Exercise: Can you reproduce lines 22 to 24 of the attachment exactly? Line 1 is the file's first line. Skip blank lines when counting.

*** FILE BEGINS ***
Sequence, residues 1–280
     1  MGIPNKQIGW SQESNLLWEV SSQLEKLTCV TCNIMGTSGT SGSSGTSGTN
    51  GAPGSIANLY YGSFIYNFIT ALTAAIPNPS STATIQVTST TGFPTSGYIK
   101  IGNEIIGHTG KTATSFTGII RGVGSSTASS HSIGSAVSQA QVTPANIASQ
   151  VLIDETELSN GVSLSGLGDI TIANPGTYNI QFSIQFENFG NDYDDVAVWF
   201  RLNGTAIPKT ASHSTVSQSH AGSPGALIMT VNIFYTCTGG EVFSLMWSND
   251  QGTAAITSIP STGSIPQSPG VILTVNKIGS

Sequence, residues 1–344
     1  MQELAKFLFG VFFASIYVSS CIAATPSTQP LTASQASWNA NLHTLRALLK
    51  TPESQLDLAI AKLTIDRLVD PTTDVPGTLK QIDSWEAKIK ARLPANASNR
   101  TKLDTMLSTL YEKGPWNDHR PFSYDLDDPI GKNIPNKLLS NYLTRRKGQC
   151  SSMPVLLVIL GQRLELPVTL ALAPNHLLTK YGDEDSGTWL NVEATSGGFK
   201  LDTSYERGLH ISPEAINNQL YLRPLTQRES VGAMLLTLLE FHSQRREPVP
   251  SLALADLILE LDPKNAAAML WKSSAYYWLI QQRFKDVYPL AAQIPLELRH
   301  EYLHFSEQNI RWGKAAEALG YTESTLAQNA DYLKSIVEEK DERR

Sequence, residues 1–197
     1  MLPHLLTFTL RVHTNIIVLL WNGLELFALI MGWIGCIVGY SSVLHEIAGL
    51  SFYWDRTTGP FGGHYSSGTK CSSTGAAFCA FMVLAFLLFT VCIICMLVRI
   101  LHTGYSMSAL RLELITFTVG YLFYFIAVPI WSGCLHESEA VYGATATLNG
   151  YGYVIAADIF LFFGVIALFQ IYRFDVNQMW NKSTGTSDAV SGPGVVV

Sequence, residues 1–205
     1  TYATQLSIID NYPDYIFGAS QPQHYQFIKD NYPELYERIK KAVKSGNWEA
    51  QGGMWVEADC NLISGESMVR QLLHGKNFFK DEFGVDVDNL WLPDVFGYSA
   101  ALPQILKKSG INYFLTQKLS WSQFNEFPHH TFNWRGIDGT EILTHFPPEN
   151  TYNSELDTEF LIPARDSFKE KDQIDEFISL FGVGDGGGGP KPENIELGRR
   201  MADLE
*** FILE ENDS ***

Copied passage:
     1  TYATQLSIID NYPDYIFGAS QPQHYQFIKD NYPELYERIK KAVKSGNWEA
    51  QGGMWVEADC NLISGESMVR QLLHGKNFFK DEFGVDVDNL WLPDVFGYSA
   101  ALPQILKKSG INYFLTQKLS WSQFNEFPHH TFNWRGIDGT EILTHFPPEN